Where it Originated
The Olympics. An event where athletes of all types gather together to prove who, among the best, is truly the best. The Olympics we know today are inspired by the ancient Olympic Games that were held every four years in Olympia, Greece. However, the International Olympic Committee (IOC) held and governed the first official Olympics event in Athens in 1896. Since then, many changes have occurred including the addition of the Winter Olympics (because holding ice hockey and figure skating events in the summer was a logistical nightmare), the creation of the Paralympics (to promote the rehabilitation of soldiers after World War II), and the Youth Olympic Games.
Through it all though, one thing stands unchanged – The Olympic Flame.
Greek mythology considers fire and flame divine, representing the fire Prometheus stole from Zeus to give to humanity and influence civilization. As a result, it’s been incorporated into the Olympics since ancient times and is one of the (if not THE) biggest symbols of the modern day Olympics. With that much fanfare and celebration over some flames, it’s important to acknowledge the torch that carries them too. With that said, this month’s How It’s Made article gives credit where credit is due.
How It’s Made – The Olympic Torch
Every Olympiad, experts design and craft the torch to represent the host country and that year’s Olympic theme. Aesthetics have changed a lot from past games but, for the most part, the torches are very much made the same year after year. The torch base is made of aluminum with a small fuel tank inside, which releases pressurized fuel.
In the early years, torches were fueled by gun powder or olive oil. Other torches were fueled with a mixture of formaldehyde and ammonia. In 1956, the torches were fueled with a dangerous mixture of aluminum and magnesium, which fell from the final torch and seared the runner’s arm. This event among other safety concerns changed the way designers thought about the torch.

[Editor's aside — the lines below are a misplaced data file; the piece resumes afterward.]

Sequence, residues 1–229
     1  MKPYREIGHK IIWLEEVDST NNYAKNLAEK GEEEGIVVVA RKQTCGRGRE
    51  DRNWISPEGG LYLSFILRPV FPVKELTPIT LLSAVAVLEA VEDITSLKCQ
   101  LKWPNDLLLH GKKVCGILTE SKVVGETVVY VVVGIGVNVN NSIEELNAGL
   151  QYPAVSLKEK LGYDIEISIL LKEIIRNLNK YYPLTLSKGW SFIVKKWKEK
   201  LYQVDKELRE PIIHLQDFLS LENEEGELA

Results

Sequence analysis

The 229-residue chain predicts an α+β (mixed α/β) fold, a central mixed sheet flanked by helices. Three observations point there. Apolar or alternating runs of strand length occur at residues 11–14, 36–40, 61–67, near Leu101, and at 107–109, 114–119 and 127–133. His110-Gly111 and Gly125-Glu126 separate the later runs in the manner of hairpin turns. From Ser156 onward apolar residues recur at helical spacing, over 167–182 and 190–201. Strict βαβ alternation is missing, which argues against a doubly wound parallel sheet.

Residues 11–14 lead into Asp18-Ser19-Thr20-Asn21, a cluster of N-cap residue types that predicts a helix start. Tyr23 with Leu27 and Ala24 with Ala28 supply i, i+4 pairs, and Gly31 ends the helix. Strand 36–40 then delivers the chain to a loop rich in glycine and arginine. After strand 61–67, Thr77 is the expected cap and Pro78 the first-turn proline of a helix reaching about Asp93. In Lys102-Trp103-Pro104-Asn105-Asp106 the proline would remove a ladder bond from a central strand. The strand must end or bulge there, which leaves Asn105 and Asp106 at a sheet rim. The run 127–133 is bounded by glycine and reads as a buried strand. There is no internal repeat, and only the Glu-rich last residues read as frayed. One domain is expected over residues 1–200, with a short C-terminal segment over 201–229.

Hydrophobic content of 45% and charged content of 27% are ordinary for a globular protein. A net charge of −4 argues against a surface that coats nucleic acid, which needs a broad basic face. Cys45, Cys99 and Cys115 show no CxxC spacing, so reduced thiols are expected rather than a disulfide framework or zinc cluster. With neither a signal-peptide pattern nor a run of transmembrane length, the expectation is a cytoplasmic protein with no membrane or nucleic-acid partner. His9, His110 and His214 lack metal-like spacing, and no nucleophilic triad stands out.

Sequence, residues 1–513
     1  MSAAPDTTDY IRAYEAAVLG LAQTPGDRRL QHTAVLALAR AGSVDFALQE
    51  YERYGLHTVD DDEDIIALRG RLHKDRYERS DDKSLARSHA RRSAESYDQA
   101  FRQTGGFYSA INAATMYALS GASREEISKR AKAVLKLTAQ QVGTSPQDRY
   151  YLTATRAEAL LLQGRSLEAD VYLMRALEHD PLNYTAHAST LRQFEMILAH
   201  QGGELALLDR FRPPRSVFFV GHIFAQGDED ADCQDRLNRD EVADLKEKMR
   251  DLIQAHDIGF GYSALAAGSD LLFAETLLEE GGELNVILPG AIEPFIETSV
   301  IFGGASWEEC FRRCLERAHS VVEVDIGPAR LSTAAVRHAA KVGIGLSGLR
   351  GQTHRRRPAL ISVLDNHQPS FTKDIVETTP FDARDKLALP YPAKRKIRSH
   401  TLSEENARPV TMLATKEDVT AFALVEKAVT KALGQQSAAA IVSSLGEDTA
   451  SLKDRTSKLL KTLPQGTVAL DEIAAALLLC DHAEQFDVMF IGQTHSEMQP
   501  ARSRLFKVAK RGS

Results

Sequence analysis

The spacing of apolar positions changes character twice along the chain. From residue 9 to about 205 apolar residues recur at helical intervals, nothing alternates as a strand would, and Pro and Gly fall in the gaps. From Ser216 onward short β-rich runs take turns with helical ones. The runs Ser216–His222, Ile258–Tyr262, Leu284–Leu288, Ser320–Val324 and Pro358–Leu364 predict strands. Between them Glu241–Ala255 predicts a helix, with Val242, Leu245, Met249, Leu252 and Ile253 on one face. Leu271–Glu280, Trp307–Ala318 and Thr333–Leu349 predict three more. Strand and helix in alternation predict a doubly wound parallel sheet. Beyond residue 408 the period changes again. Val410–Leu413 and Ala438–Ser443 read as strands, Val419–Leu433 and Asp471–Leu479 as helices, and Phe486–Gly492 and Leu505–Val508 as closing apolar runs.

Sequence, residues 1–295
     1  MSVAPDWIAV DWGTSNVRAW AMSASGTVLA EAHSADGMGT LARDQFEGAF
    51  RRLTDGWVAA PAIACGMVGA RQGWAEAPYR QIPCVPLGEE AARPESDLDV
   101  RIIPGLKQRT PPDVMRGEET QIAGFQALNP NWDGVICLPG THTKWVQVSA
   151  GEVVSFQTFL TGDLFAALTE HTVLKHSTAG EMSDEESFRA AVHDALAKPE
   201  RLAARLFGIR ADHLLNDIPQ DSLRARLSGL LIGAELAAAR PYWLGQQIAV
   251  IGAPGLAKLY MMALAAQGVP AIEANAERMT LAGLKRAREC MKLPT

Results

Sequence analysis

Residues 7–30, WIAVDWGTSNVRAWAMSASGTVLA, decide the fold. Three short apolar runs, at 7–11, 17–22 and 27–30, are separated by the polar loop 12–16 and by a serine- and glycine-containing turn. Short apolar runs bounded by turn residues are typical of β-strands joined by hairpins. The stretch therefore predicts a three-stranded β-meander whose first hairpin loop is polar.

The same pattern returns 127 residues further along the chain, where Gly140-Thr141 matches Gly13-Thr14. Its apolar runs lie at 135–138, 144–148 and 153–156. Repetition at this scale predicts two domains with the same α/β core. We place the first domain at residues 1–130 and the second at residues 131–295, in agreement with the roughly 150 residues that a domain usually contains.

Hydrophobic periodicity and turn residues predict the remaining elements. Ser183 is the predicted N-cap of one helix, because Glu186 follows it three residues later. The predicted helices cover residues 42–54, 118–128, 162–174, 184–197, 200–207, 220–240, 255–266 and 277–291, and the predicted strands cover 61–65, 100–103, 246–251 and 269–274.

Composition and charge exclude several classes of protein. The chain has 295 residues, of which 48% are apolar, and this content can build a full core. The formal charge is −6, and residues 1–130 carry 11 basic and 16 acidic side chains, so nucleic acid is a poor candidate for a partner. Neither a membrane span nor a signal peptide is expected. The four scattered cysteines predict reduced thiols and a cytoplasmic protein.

As a result, Olympic torches have been using liquidized fuel since 1972. This fuel moves through a valve with thousands of tiny openings and, by doing so, drops the pressure of the liquid.
When this happens, it turns the liquid into gas and it lights the flame. The fuel tank continues to supply liquid fuel through the valve at a consistent rate after the flame is lit, thus constantly providing gas to ensure the flame stays lit and torch carriers can “kiss” the flame to other torch carriers.
Other fuels used include propylene in the 1996 Olympics and a mixture of propane and butane (2000), a much lighter in weight and more environmentally friendly fuel source.
Depending upon the elements the torch will encounter on its journey, other mechanisms within the torch include a two-flame configuration- flares and various other aerodynamic design features.
It all sounds pretty simple but, in reality, it can take as long as two years to design and build a torch. Once built, the prototype torch is put through very demanding testing procedures to ensure it stays lit during its entire journey through wind, sleet, rain, snow, and/or sun. Once testing is completed, another 15,000 or so torches are made to fuel (pun intended) the very long Olympic Torch Relay.
If you’re interested in learning more about the relay, this History Channel write-up on the Olympic Torch relay’s surprising origins is a great source!
About the Author
Kim Mooney, Technical Manager & Coach